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Pre-clinical Selectivity Profile of the CDK4/6 Inhibitor Ribociclib Compared With That of Palbociclib and Abemaciclib

Tiedt, Ralph, Delach, Scott, Kovats, Steven, Horn, Thomas, Acker, Michael, Schacher Engstler, Barbara, Su, Fei and Caponigro, Giordano (2017) Pre-clinical Selectivity Profile of the CDK4/6 Inhibitor Ribociclib Compared With That of Palbociclib and Abemaciclib. AACR Annual meeting 2017 .


A hallmark of cancer is unchecked cell division. Retinoblastoma protein (Rb) is a human tumor suppressor that guards the entry point into S phase by binding E2F transcription factors and keeping them inactive. Many growth promoting stimuli increase the expression of D-cyclins, which bind to and activate CDK4/6 kinases. The D-cyclin bound CDK4/6 holoenzymes phosphorylate Rb resulting in the release of E2F, which in turn activates genes required for S phase entry and DNA replication. Numerous oncogenic aberrations converge at the CDK4/6-Rb pathway, providing a strong rationale for developing CDK4/6 inhibitors as cancer therapeutics.
Ribociclib (LEE011) is a selective CDK4/6 inhibitor that has received FDA Breakthrough designation and Priority Review for treatment of hormone receptor positive breast cancer in combination with letrozole and is being tested in additional clinical trials. Here, we describe the pre-clinical selectivity profile of ribociclib in biochemical and cellular assay. Ribociclib inhibits both CDK4 - cyclin D1 and CDK6 - cyclin D3 kinase activity with nanomolar IC50s in biochemical assays. To comprehensively address selectivity of ribociclib in direct comparison with two other clinical CDK4/6 inhibitors, palbociclib and abemaciclib, we made use of the KinomeScan assay platform (DiscoverX) consisting of >450 kinase active site-directed competition binding assays. Based on the binding constants (Kd) for CDK4 and CDK6, we adjusted the test concentrations in the kinase selectivity panel to account for higher potency of abemaciclib. Data indicated that both ribociclib and palbociclib have high selectivity for CDK4 (CDK6 was not covered in the panel) with very few distinct additional binding events detected. In contrast, abemaciclib is a much more promiscuous kinase inhibitor.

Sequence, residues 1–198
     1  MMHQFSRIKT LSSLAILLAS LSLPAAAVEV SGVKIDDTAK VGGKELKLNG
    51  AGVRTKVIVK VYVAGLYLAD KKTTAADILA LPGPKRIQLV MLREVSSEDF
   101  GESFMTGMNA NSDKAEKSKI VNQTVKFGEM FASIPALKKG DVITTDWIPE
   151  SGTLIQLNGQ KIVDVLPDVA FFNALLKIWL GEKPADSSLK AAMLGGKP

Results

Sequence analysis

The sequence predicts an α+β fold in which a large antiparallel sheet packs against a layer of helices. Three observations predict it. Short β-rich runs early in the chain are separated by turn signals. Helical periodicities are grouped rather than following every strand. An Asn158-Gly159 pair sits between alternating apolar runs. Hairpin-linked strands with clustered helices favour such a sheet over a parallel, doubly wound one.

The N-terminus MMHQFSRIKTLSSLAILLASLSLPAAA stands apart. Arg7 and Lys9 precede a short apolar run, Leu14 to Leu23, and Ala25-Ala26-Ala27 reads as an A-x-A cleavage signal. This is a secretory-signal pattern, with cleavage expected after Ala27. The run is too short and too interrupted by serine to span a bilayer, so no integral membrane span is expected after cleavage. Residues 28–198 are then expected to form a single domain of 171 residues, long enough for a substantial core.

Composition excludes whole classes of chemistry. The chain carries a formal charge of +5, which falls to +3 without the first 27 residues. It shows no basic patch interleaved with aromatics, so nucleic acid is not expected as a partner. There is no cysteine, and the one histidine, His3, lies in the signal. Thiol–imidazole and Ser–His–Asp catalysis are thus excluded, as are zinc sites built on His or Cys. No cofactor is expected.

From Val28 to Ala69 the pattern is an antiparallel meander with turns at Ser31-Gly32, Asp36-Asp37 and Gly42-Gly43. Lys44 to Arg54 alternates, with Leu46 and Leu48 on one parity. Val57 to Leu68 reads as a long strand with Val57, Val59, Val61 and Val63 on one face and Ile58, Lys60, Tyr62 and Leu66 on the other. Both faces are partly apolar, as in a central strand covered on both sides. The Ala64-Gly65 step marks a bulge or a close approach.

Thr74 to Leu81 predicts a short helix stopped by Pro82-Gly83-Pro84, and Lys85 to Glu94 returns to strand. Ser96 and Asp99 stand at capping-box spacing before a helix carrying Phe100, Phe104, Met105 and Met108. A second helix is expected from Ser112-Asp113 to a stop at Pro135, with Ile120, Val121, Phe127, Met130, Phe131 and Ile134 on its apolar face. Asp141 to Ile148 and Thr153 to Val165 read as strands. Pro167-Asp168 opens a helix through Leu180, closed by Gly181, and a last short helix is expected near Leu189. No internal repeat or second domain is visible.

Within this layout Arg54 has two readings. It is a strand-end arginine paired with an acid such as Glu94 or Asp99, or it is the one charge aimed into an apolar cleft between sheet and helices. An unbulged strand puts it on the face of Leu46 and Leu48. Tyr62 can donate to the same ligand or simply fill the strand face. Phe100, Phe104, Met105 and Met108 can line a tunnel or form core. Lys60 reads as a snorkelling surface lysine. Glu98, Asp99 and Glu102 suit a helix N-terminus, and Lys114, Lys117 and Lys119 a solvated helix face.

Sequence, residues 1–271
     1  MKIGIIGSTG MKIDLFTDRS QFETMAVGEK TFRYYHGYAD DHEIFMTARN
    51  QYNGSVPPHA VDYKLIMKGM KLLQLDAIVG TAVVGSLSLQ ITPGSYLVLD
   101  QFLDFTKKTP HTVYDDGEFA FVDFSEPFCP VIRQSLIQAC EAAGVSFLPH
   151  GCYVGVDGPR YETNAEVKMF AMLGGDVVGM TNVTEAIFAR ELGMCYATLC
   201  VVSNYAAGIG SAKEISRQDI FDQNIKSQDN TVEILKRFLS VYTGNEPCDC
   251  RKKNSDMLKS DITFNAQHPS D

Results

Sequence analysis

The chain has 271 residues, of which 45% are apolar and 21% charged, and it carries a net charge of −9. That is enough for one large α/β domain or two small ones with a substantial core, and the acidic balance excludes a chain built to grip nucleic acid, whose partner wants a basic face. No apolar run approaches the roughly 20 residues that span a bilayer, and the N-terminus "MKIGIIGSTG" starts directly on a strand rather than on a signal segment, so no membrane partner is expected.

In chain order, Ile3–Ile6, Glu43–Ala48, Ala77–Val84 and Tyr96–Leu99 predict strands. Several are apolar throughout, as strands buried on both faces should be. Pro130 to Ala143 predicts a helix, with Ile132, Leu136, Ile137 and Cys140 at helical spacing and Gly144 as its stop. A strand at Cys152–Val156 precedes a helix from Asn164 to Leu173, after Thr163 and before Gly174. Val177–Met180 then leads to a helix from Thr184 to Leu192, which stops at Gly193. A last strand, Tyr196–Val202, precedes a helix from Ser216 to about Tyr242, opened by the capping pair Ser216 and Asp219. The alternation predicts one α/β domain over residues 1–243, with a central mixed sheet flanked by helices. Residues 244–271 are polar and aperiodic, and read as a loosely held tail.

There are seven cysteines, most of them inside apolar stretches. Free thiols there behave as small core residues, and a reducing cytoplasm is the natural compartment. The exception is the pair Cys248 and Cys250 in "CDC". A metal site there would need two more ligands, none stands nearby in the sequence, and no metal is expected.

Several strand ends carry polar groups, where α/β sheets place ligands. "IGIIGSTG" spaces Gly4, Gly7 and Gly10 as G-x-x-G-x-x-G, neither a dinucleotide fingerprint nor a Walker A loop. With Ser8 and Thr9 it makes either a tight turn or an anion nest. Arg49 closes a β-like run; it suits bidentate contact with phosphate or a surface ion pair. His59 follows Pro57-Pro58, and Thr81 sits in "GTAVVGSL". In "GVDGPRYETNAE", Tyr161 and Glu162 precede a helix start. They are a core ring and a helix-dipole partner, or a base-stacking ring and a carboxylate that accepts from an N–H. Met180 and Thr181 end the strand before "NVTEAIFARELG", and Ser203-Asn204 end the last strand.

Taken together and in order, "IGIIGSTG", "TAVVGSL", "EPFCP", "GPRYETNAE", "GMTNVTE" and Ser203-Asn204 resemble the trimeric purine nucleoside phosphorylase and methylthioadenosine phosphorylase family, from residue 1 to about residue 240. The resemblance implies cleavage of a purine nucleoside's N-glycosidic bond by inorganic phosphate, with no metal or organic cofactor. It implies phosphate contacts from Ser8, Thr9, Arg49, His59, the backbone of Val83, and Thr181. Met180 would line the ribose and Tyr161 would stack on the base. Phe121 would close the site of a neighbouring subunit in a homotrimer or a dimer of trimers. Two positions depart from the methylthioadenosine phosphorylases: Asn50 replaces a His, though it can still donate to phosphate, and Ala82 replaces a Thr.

Next, we sought to determine the relative potencies of the three inhibitors against CDK4 vs CDK6 in cellular assays. When testing different routinely used readouts of cellular viability, we found that assays that measure metabolic activity (such as CTG) tend to underestimate the effects of CDK4/6 inhibition. Therefore, assays that either directly or indirectly assessed cell number were used in these studies. We first identified cancer cell lines primarily dependent on either CDK4 or CDK6 as judged by combined RNA expression analysis and shRNA/CRISPR-based functional assays. When determining IC50 values for these cell lines with the three CDK4/6 inhibitors, we found that both ribociclib and abemaciclib demonstrated greater activity in CDK4-relative to CDK6-dependent cells, whereas palbociclib was similarly active in both cells types.
In conclusion, the high degree of selectivity of ribociclib suggests that off-target kinase inhibition is an unlikely complication in patients. Moreover, the apparent preference for CDK4 over CDK6 could be an advantage in certain cancer types that are primarily dependent on CDK4.

Item Type: Article
Date Deposited: 11 Jul 2017 00:45
Last Modified: 11 Jul 2017 00:45


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